This post appeared on Andrew’s Book Club during Short Story Month–May, 2011. I’m reposting (with revision) in June because that’s how slowly this blog moves.
FIRST get your character up a tree. Then throw stones at him.
Who said that first? I’ve been repeating it for years. I’d tattoo it up one arm and down the other if it would make my stories as trouble-filled as “Virgins,” the opening story in Danielle Evans’s debut collection, Before You Suffocate Your Own Fool Self. It first ran in the Paris Review, then was selected for Best American Short Stories 2008.
Two Mount Vernon girls, Erica and Jasmine, lie to their mothers and take their cousins’ I.D.s to go clubbing in New York City. They also bring Michael, their friend and guardian angel. He keeps trouble, in the form of other guys, away.
Erica likes a good time but she’s not rushing to grow up. Whereas Jasmine’s been lugging a suitcase of anger and hurt for months, since a friend of Michael’s took her virginity and ditched her.
Here is the difference between Erica and Jasmine: Early in the story, at a movie theatre, they spot the guy who deflowered Jasmine. He’s got both hands deep in the hair of his new girlfriend and they’re kissing–deeply, intensely and in the middle of a crowded theatre lobby. Jasmine demands,
“When are we going to be that kind of girl?”
And Erica says,
“What, the stupid kind?”
At the club in Manhattan, the bouncer waves the girls in but turns Michael away cold. (This was the base of the tree, for me: two underage girls stranded in an adult club without their protector, Erica feeling, then burying, her anxiety.)
They dance—sexually, grinding—with men who come up behind them. Then they hit the bar. Erica pretends to be a college student. It’s mobbed; they get separated. (Stranded again, she’s higher up the tree.) Erica pretends to be a record store clerk, then a newspaper photographer, letting men buy her drinks.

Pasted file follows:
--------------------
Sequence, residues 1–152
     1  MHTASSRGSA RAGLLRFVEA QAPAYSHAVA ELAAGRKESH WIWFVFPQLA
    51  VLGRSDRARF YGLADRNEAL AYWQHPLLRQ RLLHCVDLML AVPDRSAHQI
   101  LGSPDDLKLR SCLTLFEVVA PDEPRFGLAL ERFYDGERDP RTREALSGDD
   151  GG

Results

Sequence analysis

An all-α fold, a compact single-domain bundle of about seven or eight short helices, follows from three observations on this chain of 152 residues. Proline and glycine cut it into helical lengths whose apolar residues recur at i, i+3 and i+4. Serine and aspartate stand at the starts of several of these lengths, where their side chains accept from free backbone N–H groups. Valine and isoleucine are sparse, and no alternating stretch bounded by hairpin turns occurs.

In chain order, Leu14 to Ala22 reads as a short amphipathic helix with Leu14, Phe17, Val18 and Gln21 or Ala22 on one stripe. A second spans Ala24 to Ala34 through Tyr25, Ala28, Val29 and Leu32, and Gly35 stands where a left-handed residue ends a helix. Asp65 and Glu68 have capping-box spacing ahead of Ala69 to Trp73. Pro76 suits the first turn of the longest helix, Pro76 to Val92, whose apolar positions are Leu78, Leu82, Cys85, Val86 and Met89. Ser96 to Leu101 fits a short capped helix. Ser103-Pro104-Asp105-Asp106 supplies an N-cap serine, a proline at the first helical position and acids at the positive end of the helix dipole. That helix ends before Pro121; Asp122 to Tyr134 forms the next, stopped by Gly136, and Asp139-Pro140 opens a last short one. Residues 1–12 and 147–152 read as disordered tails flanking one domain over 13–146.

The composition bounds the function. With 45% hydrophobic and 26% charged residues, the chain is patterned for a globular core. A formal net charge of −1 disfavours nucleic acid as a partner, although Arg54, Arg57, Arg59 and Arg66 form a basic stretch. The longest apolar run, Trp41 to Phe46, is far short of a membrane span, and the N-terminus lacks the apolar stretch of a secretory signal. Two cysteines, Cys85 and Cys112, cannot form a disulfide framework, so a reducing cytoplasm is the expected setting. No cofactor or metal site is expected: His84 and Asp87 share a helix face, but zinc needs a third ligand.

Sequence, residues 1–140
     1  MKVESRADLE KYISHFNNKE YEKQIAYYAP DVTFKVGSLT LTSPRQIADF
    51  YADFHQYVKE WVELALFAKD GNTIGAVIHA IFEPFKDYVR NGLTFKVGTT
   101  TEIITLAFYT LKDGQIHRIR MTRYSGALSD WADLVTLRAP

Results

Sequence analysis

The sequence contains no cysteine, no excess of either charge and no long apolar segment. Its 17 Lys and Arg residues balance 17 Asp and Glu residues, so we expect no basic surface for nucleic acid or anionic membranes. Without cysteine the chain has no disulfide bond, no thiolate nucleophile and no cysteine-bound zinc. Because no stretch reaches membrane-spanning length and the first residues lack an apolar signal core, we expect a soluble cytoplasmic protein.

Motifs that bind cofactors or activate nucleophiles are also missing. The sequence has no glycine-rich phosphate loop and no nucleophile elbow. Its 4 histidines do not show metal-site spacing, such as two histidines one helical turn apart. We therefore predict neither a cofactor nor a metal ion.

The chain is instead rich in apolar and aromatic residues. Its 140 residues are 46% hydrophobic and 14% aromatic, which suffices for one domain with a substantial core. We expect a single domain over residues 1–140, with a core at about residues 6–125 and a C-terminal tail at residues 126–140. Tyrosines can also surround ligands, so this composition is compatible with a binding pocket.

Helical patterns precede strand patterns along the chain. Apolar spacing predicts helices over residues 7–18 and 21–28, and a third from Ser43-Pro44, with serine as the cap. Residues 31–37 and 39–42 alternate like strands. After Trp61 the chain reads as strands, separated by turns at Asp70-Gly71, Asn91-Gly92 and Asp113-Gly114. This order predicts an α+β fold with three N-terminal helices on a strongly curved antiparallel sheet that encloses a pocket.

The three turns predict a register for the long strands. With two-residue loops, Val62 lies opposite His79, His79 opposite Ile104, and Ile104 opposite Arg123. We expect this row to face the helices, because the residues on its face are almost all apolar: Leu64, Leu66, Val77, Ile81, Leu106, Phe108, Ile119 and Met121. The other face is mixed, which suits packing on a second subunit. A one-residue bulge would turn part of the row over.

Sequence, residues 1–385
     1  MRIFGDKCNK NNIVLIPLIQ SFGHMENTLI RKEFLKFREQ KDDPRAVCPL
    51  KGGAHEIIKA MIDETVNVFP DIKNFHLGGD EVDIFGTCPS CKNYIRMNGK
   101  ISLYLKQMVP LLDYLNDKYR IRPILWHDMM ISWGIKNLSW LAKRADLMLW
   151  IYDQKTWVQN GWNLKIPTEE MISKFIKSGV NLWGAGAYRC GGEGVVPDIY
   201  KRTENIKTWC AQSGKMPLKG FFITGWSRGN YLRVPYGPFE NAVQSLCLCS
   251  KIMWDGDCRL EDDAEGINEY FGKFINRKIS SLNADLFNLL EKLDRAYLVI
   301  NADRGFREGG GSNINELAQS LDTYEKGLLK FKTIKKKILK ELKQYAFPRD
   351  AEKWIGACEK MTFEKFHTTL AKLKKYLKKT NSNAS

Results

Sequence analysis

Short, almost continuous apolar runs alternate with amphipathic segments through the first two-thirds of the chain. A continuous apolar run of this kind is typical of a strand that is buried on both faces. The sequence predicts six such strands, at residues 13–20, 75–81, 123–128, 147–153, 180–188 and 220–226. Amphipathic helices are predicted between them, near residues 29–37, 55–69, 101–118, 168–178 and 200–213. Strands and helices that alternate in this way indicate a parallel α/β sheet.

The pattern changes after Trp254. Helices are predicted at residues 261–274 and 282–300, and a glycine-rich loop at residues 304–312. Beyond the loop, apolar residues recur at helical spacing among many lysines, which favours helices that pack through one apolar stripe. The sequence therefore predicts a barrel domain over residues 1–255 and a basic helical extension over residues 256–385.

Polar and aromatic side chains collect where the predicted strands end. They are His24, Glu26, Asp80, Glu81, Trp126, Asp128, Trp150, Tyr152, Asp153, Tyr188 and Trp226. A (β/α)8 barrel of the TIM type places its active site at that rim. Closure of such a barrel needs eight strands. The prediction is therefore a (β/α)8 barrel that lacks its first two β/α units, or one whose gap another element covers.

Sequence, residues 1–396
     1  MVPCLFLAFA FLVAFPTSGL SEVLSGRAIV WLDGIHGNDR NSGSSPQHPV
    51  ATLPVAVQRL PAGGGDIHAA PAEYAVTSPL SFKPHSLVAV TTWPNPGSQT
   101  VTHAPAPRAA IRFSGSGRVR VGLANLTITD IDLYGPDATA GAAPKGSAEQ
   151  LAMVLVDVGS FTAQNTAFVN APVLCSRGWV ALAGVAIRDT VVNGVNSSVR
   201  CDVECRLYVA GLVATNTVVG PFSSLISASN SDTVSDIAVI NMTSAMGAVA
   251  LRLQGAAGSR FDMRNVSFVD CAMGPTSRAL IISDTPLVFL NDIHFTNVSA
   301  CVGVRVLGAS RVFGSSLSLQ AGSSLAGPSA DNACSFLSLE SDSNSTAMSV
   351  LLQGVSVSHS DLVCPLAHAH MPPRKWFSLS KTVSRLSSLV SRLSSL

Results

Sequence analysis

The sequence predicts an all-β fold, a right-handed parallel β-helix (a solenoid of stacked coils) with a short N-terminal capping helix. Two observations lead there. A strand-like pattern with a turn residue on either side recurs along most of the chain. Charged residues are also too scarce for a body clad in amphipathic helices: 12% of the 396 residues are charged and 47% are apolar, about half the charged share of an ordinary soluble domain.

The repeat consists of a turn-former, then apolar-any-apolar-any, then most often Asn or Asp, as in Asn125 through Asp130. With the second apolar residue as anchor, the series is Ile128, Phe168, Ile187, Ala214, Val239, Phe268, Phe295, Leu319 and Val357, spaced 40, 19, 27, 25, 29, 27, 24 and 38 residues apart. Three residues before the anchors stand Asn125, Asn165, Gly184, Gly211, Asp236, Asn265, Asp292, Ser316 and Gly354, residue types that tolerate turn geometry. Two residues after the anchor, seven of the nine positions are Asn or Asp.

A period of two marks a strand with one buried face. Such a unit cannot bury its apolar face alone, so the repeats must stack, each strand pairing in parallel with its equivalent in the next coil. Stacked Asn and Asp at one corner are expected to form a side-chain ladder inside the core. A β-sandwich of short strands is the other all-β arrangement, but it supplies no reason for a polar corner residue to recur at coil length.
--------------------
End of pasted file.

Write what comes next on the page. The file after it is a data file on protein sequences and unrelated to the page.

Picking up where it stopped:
Eventually, she finds Jasmine flirting with four men, bombed.
We’re going to an after party, Jasmine says. In the Bronx.
Alarmed, Erica says no, but things happen too fast. Someone has an arm around her. The valet brings a car around and the men get in. Jasmine sits on someone’s lap and drapes her arms around his neck. (Erica, high in the tree, is afraid to leave Jasmine.)
With seconds to make up her mind, she squeezes into the backseat.
(She’s now so far up the tree she seems stuck—indeed, she’s in a crucible–at which point the writer needs the guts to pick up a slingshot.)
Jasmine tongue-kisses the guy whose lap she’s on, escalating the situation as the car speeds toward the Bronx. (Stone.)
The man sitting shotgun informs Erica that she has an “attitude problem,” making clear that the balance of power has further slipped. (Stone.)
The man says,
“Y’all are probably virgins, aren’t you?”
–intimating that the evening is far, far out of the girls’ hands. (Stone.)
“Like hell we are.”
–signing away whatever may have been left of Erica’s autonomy. (Stone.)
And Jasmine’s lying; Erica’s a virgin. But in a sense, so is Jasmine; she’s a naïf when it comes to trouble this ugly, and innocence is what she’ll lose tonight.
They park outside an apartment building near a bodega. They enter a lobby, then an elevator. (Skull-cracking stone.)
Someone presses eight. (Stone.)
Erica considers an act of violence, about hitting Jasmine or pulling her guy off of her.
The doors open on five.
Evans stops time for the critical seconds the door is open. Here’s Erica, in those seconds:
There was nobody standing there and I kept waiting for the thing that would stop us, and then I thought, Nothing will stop this but me.
And she bolts.
(Stone for Jasmine, now alone: Will she be gang-raped? Will it be brutal? Will they let her go?)
Erica runs down the stairwell and out to the bodega. She calls Michael. It’s two-thirty in the morning. A lesser writer might resolve the tension here, but Evans throws a final stone, forcing Erica to one more decision.
I love how the story left me cleaved at the end. Weeks after reading I’m still halfway down a staircase in the Bronx, late at night, relieved to be free—yet also trapped in an apartment with Jasmine, hearing the lock click and the men laugh.